Sandra Cattaneo Adorno’s street silhouettes capture the spirit of Rio
The Brazilian street photographer will showcase work from her two books during the Venice Biennale.
Before the age of 60, Sandra Cattaneo Adorno had never been a photographer. But when her daughter gifted her a photography course to mark her birthday, Cattaneo Adorno found herself fascinated with the medium. And now, this Saturday a collection of her photographs will go on display at Personal Structures – Reflections, a contemporary art exhibition that runs parallel to the Venice Biennale.
“Sandra’s photographs are a dreamy, poetic reverie,” says Gulnara Samoilova, founder of the Women Street Photographers community and gallery show. “Her work is calming and restorative, the perfect balm for life in today’s chaotic world.”
Cattaneo Adorno will display selected works from her two books, Águas de Ouro (waters of gold) and Scarti di Tempo (scraps of time), a pair of compendiums of her best street photography.
“I think street photography appealed to me because I am mostly drawn to people,” she says. “Having a camera is for me a great justification to approach people from different walks of life and take part in their experiences. I feel that with street photography, I am always learning; it always surprises me and, most of all, it is a lot of fun.”
Don’t miss this photo
Attendees of Personal Structures will have the opportunity to view the photograph on the cover of Águas de Ouro, which is the only image in the exhibition printed larger than the original. It holds a special place in Cattaneo Adorno’s personal photographic history. When she took the shot in 2016, she was just beginning to familiarize herself with her camera, a Nikon D750, and hadn’t shot much in Rio. However, the image ended up taking off, and titles such as National Geographic, The New York Times, and the Washington Post all published it.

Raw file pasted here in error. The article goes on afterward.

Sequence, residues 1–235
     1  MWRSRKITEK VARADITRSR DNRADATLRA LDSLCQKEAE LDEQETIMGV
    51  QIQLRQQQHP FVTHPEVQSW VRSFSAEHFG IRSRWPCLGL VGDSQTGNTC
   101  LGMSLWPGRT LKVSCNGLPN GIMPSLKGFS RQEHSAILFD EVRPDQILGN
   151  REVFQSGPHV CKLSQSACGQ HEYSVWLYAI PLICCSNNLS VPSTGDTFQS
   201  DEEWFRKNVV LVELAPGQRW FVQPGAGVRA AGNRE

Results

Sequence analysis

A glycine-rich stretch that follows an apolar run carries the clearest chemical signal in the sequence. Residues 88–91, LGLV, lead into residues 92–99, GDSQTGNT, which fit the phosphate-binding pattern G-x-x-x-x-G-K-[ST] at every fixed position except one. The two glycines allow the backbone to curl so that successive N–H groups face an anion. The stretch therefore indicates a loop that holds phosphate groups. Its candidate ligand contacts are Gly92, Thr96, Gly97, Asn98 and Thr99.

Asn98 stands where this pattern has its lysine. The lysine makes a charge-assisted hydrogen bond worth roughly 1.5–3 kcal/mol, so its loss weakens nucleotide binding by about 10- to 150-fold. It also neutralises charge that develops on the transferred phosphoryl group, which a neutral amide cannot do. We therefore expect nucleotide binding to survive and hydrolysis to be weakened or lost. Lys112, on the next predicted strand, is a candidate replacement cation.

“The success…gave me confidence about my work and made me realize that my photography had value,” she says. “That day the weather was very misty and the sea had a very strong undertow, so the bathers were hesitating to get in the water. Having photographed at sunset, the scene is bathed in a warm light that accentuates the haze. The people are small silhouettes on the beachfront looking at the sea and only occasionally venturing on the surf.”
Growing up in Rio de Janeiro when bossa nova was capturing the world’s imagination and painting pictures of the Brazilian idyll, Cattaneo Adorno reached for that feeling in Águas de Ouro.
“Saudade is a deep feeling of nostalgia that is very present in Brazilian culture,” she explains of her mid-century inspiration. “I felt that it was fitting for that project, which relied on my childhood memories of Rio de Janeiro and Ipanema Beach.”
A focus on the silhouette
Looking through her work, one easily comes to appreciate Cattaneo Adorno’s focus on the silhouette. The lack of faces lends a mysterious quality to her photographs, and, she hopes, depth.
“I am fascinated by silhouettes because of the sense of mystery they evoke in the photographs,” she explains. “Not being able to see somebody’s features, I believe, allows the person looking at the photos to participate more in the scene, as their imagination is called upon to try and make their own personal sense of the image.”
She prefers images that leave the viewer guessing. Straightforward is not in the parlance of her portfolio, which can be, at times, ethereal—inviting the viewer to actively participate in the creation of the world.
“I prefer to create images that don’t reveal themselves easily at first sight,” she says. “I believe that representing a scene in this way allows the viewers to give their own meaning to the images, based on their own personal experiences and on other images they might have stored in their memory.”
Though she picked up photography later in life, Cattaneo Adorno proves that it’s never too late to try something new. She enjoys the challenge of putting some order to the chaos of the street, and sharing the beauty she finds along the way.
“I get a real buzz from the moment when everything comes together in a photo and I feel that I could frame some of the beauty and poetry of the scene and share it with other people.”
Art lovers are invited to convene at Personal Structures to view striking bodies of work, of which Cattaneo Adorno’s is among them. The show runs from April 23 through November 27, 2022. An exhibition preview is available here.